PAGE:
We test battery chargers using a pair of drained Energizer 2,000mAh AA batteries, timing how long it takes for the charger to top up the batteries to full capacity. We also test charging speeds with four or eight AA batteries, depending on the charger, and with two 850mAh AAA batteries. With 9V battery chargers, we use one or two 280mAh 9V batteries. We also test whether the charger can cope with single batteries, and look at the build quality of the unit, the clarity of any charge display, and whether it becomes hot during charging.
Read next: Best rechargeable AA and AAA batteries
The best battery chargers you can buy in 2023
1. Duracell 45 Minutes Hi-Speed Charger: Best all-round charger
Price when reviewed: £38 | Check price at AmazonDuracell’s high-speed charger plugs straight into the wall socket and comes with two AA and two AAA batteries. You might want to take the 45-minute claims with a pinch of salt – that’s to get the two 1,300mAh AA batteries up to 85% or the two 750mAh AAA batteries to three-quarters capacity – but we could still charge a pair of 2,000mAh AA batteries in 72 minutes. Duracell also scores points for the slimline design, and for the simple but effective LED indicators which flash red when you start charging, then flash green when the batteries are ready to use, then go solid green when they’re fully charged. There are even speedier chargers around, but this one’s easy to use and great value.
Key specs – Batteries charged: 2-4xAA, 2-4x AAA; Power source: 240V mains; Charging status indicators: 2x red/green LED; Fast charging: 45 minutes; Dimensions: 85 x 47 x 52mm; Weight: 108g
2. Panasonic Eneloop BQ-CC55: Best smart battery charger
Price when reviewed: £25 | Check price at AmazonIf you’re splashing out on the best rechargeable batteries then it makes sense to get the charger to go with them, and the BQ-CC55 is up to the task. It’s a little more expensive than rivals, but it’s packed with useful features, checking and charging each cell individually to power it up efficiently while avoiding any damage or overheating. It will even flash red or amber when a battery is inserted, to let you know if you need to think about replacing it.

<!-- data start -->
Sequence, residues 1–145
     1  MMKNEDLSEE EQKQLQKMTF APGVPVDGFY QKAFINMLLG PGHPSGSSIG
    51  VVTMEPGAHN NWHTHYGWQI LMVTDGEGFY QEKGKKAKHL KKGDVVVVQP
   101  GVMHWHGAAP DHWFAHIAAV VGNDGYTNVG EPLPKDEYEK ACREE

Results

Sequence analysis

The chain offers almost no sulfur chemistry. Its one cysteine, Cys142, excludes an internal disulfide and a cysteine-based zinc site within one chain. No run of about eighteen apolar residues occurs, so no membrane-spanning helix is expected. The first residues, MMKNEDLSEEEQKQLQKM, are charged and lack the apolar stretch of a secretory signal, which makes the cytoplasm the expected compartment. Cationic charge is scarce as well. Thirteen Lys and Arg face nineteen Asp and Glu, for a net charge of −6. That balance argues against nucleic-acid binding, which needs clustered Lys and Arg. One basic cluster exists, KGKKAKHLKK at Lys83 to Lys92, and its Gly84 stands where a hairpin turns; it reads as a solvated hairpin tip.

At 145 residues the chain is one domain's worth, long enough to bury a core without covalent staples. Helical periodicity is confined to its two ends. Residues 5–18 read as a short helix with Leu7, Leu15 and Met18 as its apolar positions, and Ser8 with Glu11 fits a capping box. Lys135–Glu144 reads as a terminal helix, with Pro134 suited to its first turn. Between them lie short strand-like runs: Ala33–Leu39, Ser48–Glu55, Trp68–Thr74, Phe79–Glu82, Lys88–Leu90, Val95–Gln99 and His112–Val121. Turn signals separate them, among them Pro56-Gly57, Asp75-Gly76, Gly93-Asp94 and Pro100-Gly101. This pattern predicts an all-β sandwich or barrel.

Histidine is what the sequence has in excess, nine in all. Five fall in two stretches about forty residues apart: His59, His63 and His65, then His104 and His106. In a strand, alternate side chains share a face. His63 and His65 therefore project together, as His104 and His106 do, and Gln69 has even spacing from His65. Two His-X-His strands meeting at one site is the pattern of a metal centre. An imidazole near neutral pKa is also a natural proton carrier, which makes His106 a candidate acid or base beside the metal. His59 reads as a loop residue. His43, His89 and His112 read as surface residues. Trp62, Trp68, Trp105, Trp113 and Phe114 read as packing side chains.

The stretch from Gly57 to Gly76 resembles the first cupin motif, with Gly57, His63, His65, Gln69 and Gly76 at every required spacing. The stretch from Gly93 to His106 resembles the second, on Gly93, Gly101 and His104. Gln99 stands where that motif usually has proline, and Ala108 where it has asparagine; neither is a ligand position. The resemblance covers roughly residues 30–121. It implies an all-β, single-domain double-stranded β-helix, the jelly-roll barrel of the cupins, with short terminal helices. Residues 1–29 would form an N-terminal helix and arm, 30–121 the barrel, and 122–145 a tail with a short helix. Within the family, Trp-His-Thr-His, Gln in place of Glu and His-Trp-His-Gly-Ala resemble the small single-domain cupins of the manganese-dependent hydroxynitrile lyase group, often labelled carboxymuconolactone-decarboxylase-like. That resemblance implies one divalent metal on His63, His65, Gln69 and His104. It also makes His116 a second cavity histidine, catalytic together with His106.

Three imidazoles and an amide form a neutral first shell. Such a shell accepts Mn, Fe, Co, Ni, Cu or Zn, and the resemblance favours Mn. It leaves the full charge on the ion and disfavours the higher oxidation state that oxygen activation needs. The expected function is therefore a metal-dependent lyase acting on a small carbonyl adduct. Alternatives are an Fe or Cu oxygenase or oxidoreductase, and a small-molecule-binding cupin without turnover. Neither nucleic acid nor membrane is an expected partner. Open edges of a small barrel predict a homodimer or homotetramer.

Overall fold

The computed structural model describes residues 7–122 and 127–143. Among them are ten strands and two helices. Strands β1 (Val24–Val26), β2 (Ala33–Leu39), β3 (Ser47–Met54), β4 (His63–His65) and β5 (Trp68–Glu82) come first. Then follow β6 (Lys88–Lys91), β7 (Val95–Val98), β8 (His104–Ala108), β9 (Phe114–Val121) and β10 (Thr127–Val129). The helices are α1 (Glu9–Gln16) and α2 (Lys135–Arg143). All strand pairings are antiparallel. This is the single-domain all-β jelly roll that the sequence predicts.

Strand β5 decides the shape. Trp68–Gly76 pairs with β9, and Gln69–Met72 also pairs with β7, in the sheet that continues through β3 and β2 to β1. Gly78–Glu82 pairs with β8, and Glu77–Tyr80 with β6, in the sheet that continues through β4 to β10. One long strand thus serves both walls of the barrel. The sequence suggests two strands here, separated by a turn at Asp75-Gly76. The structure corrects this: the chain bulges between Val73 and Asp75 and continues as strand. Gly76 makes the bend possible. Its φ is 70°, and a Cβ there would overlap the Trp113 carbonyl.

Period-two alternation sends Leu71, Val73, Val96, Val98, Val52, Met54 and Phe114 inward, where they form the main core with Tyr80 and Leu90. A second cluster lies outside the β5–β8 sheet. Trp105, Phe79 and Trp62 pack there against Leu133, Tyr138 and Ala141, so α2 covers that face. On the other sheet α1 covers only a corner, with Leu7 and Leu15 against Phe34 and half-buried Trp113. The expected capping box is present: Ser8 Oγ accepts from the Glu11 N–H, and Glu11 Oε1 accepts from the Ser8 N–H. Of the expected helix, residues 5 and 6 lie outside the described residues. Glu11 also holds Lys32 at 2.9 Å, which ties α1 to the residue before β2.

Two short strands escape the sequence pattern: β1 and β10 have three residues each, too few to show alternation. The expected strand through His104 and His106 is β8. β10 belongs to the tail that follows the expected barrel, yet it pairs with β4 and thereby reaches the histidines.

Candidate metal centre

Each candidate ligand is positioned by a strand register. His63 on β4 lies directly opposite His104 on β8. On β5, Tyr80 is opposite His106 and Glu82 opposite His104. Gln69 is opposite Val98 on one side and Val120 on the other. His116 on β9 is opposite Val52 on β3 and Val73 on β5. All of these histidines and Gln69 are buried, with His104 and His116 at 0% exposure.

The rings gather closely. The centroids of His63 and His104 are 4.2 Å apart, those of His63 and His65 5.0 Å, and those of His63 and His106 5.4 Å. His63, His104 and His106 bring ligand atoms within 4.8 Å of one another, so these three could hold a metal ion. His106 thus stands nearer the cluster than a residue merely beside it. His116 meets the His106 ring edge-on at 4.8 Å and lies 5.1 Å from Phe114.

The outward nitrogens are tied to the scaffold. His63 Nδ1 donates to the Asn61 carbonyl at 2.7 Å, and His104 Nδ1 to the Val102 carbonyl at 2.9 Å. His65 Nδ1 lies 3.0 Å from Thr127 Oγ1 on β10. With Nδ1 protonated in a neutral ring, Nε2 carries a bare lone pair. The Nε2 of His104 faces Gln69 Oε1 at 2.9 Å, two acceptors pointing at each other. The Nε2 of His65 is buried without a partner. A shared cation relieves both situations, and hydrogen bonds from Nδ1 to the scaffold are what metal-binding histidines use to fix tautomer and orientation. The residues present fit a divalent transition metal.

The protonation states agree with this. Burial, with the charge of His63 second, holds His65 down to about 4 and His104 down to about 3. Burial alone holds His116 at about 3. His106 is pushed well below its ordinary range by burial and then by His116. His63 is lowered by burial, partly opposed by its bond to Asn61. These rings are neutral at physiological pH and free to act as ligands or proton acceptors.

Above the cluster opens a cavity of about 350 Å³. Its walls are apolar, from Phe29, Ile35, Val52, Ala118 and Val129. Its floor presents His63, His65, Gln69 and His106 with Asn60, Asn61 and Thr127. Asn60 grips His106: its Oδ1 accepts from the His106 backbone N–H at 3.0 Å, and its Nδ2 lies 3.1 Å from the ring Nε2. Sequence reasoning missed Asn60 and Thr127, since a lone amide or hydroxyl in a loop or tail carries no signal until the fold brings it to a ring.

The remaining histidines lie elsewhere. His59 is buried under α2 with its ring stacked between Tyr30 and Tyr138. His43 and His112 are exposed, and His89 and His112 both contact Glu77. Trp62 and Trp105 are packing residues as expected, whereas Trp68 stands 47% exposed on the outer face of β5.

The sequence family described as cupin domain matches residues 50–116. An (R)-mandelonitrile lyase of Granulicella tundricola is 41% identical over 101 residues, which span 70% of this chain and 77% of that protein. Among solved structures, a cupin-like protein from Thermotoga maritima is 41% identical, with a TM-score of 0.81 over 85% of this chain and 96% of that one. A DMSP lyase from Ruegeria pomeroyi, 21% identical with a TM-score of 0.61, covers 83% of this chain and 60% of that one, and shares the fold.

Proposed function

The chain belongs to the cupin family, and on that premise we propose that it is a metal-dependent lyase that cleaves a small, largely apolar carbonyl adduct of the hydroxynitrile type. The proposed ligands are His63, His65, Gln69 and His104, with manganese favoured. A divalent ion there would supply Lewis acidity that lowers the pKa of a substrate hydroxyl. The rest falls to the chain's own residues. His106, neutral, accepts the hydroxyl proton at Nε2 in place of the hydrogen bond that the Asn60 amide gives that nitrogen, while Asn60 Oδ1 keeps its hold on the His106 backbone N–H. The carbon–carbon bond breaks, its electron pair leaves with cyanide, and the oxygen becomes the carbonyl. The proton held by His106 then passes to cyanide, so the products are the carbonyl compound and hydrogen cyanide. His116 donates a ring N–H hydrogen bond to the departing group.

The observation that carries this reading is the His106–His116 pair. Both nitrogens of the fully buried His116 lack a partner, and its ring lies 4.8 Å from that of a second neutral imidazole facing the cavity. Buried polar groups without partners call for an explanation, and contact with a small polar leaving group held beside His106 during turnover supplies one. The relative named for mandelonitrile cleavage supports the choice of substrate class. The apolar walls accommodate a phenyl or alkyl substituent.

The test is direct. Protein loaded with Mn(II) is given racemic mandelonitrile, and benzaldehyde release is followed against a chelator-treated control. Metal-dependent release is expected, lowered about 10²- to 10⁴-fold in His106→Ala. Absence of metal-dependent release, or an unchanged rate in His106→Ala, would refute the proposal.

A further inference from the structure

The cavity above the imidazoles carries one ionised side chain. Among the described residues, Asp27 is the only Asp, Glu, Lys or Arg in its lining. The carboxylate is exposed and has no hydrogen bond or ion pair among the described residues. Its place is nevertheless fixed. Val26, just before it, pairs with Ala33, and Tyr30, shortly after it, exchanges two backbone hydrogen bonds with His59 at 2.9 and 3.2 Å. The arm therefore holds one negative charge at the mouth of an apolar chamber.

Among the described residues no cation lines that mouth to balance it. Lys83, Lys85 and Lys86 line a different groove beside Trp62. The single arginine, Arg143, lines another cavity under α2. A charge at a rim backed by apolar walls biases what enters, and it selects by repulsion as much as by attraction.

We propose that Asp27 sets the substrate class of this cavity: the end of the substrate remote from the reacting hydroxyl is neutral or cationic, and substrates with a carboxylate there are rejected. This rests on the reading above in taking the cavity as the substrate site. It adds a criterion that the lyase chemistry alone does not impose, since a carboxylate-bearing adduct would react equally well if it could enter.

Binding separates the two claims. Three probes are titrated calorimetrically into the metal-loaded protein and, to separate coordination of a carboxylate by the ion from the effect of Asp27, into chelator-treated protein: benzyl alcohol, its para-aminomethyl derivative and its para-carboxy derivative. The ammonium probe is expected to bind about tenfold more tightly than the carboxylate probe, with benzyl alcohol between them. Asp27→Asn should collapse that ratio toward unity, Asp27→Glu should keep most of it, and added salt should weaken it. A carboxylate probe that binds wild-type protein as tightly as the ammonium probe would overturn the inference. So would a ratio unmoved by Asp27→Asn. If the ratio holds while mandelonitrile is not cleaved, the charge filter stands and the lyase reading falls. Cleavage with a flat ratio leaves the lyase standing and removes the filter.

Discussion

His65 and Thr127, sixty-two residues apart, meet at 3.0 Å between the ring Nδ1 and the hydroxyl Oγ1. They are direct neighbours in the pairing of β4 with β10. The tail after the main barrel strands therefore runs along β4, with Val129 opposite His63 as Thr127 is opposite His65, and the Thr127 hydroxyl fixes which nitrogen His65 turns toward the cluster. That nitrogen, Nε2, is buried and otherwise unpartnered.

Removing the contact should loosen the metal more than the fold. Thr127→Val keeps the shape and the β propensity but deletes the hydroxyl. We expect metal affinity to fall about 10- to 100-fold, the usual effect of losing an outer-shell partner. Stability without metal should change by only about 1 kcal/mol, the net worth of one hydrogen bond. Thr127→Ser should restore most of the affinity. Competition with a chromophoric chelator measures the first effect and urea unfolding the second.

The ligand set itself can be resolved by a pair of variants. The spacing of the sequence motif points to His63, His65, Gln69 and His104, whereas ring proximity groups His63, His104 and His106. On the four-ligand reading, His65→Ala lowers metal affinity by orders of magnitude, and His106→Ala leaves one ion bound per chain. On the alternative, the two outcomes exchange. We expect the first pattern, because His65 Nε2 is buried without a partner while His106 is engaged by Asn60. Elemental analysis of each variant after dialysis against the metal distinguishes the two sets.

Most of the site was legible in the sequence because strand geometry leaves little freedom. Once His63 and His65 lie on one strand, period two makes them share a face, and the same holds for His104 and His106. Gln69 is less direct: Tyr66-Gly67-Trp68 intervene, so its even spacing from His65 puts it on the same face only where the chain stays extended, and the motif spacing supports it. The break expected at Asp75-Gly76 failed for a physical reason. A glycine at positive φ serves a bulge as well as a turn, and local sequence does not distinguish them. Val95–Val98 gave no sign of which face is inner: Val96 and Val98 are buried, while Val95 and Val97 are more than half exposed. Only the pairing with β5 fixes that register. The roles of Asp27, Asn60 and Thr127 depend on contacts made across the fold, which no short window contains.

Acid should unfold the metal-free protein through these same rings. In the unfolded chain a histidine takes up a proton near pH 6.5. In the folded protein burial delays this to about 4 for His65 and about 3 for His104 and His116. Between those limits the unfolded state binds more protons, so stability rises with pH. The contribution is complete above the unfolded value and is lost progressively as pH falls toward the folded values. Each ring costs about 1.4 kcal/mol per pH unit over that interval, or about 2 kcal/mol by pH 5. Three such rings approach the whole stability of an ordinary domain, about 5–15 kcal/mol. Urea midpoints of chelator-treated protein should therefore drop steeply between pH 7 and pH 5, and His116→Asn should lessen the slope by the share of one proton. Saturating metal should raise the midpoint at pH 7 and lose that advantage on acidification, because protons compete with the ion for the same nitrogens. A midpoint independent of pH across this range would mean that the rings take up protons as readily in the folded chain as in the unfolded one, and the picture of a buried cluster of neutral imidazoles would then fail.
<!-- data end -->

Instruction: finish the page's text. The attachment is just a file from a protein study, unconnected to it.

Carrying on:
It isn’t as fast as the Duracell or Energizer models, taking just over 90 minutes to charge our 2,000mAh batteries and around two hours to top up a pair of the bundled Eneloop Pro AAs; but it’s very flexible, handling one to four AA or AAA rechargeables in any combination. We also like the informative indicators, which turn amber in the 20% to 80% charged range, green when they hit 80%, and then off when the battery is fully charged. Mix epic battery life with efficient charging, and you have one of the safest and more reliable chargers around.
Key specs – Batteries charged: 1-4x AA, 1-4x AAA; Power source: 240V mains; Charging status indicators: 4x red/amber/green LED; Fast charging: 45 minutes to 2 hours; Dimensions: 68 x 120 x 28mm; Weight: 120g
3. HiQuick SW-8N charger with 8x AA batteries: Best value 8-slot battery charger
Price when reviewed: £9.99 | Check price at AmazonBattery chargers don’t get much cheaper or more cheerful than the HiQuick SW-8N, which you can pick up solo for a tenner, or with eight high-capacity 2,800mAh AA batteries for £25. The eight slots work independently, and you can mix different sizes and capacities together, while the clear LED indicators make you aware when the batteries are charging and when they’re full. It charges from a USB socket via the micro-USB cable provided, and there’s overcharge and overheat protection to stop the unit or the batteries heating up.
The SW-8N is a neat, compact and well-built 8-way charger, but it isn’t much of a speed demon, taking just under three and a half hours to charge our 2,000mAh test batteries. However, it isn’t noticeably slower charging eight batteries than it is charging two, and 850mAh AAA batteries charge in under 90 minutes. Don’t make it your top option if you’re always in a rush, but it’s a champ when it comes to value for money.
Key specs – Batteries charged: 1-8x AA, 1-8x AAA; Power source: 5V Micro USB; Charging status indicators: 8x red/green LED; Fast charging: 2 hours to 4.5 hours; Dimensions: 84 x 127 x 30mm; Weight: 103g
4. Panasonic Eneloop BQ-CC63: Best charger for bulk charging